Hilaria Baldwin and Alec Baldwin
Hilaria Baldwin and Alec Baldwin attend the 2017 Ripple of Hope Awards at New York Hilton on December 13, 2017 in New York City.
| Credit: Taylor Hill/WireImage

Alec Baldwin has had enough of — how do you say? — Twitter.

The actor is giving up on the social platform in the wake of weeks of backlash over his wife Hilaria's Spanish heritage claims.

Declared Baldwin: "Twitter is like a party where everyone is screaming. Not much of a party. Goodbye for now."

The key modifier here: "For now." Few celebrities who declare they're giving up on the scream-party seem to be able to resist re-joining after a suitable cooling-off period. Even Baldwin has quit before, in 2017, following controversial comments he made about sexual assault accusations at the start of the #MeToo movement.

The move comes just weeks after President Donald Trump, who Baldwin impersonated for years on Saturday Night Live, was permanently suspended from the same platform after his tweets surrounding the Jan. 6 riots at the U.S. Capitol.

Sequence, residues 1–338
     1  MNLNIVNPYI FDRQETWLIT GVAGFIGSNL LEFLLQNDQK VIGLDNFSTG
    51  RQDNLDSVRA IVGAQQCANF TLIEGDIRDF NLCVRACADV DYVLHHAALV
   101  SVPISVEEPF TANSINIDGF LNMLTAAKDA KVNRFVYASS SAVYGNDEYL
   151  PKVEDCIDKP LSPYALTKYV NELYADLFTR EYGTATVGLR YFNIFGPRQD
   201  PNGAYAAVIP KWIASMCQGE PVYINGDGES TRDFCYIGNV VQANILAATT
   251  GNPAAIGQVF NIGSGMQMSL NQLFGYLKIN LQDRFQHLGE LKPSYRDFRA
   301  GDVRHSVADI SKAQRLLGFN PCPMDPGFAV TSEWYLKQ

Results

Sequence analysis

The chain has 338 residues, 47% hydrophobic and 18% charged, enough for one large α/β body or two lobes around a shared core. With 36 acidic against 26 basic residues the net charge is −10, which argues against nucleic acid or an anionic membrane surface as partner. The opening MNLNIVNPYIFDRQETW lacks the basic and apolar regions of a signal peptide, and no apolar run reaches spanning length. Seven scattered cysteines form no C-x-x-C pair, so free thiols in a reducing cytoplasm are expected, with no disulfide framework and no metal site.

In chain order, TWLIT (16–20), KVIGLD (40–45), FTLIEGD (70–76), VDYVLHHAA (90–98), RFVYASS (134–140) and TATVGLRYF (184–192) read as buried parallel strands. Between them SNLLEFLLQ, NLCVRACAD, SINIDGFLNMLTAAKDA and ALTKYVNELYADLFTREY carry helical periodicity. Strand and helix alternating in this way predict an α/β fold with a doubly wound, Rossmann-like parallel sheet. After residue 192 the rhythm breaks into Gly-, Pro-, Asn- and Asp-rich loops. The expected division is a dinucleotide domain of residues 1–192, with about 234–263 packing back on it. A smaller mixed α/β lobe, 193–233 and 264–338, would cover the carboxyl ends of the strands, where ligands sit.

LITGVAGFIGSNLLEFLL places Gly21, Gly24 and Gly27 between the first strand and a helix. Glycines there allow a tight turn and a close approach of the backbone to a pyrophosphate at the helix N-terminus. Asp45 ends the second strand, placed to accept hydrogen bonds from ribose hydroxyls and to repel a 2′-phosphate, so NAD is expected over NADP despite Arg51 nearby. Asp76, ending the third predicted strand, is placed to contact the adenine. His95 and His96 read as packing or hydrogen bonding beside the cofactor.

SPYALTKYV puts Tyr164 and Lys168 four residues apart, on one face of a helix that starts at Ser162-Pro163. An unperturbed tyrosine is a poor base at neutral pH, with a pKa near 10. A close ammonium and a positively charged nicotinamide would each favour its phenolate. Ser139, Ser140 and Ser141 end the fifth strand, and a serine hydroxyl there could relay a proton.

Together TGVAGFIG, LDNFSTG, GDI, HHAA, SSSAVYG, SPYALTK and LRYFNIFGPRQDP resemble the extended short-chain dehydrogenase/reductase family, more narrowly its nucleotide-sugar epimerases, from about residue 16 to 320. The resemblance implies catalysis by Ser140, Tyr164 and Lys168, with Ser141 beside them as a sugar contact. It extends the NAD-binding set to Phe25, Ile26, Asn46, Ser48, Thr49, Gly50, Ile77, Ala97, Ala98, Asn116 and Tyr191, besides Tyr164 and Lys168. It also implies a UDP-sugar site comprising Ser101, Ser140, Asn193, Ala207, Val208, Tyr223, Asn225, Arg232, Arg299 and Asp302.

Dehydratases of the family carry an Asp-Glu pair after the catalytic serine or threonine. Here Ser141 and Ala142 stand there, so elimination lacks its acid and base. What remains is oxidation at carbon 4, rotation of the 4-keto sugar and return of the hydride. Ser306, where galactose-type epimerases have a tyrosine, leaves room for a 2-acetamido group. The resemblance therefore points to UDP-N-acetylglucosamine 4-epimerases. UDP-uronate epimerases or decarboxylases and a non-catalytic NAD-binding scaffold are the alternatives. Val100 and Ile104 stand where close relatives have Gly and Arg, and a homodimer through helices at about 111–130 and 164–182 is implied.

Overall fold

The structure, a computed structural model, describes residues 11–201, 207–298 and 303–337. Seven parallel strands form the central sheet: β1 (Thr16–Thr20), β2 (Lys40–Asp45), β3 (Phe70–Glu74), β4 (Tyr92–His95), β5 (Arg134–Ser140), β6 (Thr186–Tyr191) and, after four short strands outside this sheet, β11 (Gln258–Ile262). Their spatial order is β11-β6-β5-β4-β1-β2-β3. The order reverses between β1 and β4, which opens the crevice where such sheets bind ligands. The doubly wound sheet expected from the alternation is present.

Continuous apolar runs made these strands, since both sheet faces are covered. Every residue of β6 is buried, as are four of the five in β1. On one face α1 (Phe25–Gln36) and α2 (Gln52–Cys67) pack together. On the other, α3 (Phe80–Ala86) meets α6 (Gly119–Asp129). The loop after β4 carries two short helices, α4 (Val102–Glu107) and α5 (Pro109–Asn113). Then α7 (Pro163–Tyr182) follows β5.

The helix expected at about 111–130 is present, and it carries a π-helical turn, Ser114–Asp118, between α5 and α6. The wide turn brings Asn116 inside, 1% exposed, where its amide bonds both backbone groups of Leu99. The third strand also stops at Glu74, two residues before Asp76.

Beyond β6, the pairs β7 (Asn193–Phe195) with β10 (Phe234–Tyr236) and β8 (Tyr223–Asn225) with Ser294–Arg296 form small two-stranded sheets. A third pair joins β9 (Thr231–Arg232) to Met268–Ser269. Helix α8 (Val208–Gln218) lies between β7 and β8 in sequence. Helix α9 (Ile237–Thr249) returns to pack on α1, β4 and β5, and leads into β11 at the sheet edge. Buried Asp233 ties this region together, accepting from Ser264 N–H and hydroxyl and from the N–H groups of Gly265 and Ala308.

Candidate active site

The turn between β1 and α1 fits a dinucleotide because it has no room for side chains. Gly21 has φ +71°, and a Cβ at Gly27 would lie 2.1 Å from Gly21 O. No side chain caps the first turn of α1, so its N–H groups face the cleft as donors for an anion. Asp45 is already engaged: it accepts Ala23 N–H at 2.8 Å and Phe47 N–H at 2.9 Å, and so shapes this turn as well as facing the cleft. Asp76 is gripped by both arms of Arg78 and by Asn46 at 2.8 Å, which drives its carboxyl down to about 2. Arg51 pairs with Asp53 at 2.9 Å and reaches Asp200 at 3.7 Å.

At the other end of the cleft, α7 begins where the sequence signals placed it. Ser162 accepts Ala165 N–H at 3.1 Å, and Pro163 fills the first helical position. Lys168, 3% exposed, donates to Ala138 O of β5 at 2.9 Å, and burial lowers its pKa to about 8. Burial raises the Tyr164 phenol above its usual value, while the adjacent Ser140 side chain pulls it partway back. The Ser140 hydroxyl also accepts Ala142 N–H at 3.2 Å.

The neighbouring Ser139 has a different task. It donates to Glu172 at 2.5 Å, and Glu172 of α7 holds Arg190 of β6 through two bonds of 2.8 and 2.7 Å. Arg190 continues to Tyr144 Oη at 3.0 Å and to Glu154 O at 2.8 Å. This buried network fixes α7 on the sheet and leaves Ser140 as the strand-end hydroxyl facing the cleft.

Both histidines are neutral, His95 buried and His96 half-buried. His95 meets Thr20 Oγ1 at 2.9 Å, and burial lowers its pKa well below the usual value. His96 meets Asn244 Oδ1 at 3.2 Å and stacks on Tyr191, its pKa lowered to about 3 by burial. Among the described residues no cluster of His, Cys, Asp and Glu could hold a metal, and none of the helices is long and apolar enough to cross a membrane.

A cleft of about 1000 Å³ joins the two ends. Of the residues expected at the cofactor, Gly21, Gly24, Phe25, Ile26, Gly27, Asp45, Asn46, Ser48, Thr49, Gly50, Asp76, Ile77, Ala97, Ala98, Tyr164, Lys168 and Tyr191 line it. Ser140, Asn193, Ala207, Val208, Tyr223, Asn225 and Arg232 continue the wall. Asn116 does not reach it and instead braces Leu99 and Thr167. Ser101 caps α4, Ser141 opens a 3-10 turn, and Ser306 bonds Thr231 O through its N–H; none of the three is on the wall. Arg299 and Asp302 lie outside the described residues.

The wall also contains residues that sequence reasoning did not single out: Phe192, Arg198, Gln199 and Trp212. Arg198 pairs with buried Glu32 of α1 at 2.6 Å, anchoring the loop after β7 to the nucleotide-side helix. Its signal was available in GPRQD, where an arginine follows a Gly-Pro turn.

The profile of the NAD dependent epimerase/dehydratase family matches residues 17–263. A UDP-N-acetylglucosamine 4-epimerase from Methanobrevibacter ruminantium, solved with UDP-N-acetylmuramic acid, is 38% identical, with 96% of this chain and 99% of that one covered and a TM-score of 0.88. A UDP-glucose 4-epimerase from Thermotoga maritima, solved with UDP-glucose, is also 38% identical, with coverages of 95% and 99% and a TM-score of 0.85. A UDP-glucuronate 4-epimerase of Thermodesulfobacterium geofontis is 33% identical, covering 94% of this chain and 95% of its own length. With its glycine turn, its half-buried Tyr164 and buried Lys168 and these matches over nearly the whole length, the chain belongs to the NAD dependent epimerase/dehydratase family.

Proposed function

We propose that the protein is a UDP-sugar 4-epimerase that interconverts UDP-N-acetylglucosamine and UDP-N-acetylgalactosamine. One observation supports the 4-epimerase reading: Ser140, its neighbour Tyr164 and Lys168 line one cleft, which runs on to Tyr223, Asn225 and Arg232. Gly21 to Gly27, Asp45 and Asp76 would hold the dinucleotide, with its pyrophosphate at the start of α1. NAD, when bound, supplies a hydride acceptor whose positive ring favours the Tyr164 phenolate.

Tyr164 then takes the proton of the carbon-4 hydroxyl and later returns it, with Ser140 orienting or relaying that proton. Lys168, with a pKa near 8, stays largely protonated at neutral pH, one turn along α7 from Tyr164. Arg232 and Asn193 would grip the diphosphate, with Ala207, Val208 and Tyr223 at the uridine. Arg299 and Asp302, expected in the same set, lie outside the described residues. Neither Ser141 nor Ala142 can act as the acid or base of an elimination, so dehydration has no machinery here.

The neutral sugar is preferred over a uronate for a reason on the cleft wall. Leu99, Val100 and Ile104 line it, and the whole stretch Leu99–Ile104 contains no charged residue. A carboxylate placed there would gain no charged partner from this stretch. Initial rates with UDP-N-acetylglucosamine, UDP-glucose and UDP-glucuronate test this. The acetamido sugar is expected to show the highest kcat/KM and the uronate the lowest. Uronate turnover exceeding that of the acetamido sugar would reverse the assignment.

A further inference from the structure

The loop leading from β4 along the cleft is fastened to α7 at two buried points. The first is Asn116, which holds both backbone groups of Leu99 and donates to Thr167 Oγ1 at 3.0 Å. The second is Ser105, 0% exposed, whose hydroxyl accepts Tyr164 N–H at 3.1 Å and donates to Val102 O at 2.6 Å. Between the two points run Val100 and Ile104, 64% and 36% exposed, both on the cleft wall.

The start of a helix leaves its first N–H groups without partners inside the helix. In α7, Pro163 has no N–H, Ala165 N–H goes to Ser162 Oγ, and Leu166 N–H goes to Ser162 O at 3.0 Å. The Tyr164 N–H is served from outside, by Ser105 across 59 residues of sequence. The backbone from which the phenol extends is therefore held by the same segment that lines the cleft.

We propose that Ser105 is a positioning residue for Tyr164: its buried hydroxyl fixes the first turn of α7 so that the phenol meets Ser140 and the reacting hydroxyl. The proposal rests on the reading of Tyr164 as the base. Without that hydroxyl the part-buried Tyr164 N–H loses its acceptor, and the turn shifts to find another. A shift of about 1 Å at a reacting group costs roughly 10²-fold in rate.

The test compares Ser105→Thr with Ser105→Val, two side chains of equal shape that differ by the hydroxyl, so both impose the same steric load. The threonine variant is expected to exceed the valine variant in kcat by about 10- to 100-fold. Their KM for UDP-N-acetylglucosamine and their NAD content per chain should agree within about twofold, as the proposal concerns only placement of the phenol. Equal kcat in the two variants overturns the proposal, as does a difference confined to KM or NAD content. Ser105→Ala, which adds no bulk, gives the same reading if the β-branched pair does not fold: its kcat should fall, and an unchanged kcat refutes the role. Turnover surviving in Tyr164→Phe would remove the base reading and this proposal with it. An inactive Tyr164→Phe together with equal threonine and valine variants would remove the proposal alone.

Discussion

The Hilaria Baldwin controversy started in December when a Twitter user pointed out the influencer and yoga studio entrepreneur had a very inconsistent Spanish accent across media clips over the years. While her agency bio and press clippings have claimed she was born in Mallorca, Spain and moved to the U.S. at the age of 19, it turned out she was brought up in Massachusetts, where she went to high school. A clip where she seemed to forget the word for "cucumber" on the Today show, as if she was entirely unfamiliar with what the vegetable was called in English, went viral in particular:

Baldwin has addressed the controversy on Instagram, explaining that spending time in the U.S. and in Spain growing up led to a mix of cultural influences that resulted in how she presents herself. "Yes, I am a white girl," she said. "Culturally, I grew up with the two cultures. So it's really as simple as that" ... I spent a lot of my childhood in Spain. My nuclear family lives in Spain and has lived there for a long time. And I came here — I was moving around a lot — but I came here when I was 19 years old to go to college."

She added to The New York Times that her accent varies based on how happy or upset she is at any given time. "Who is to say what you're allowed to absorb and not absorb growing up?" she added. "This has been a part of my whole life, and I can't make it go away just because some people don't understand it."

Alec Baldwin seemingly defended his wife in a previous video posted to his Instagram account.  "There are things that have been said lately about people that I love, that I care about deeply, which are ridiculous," he said "Just ridiculous."

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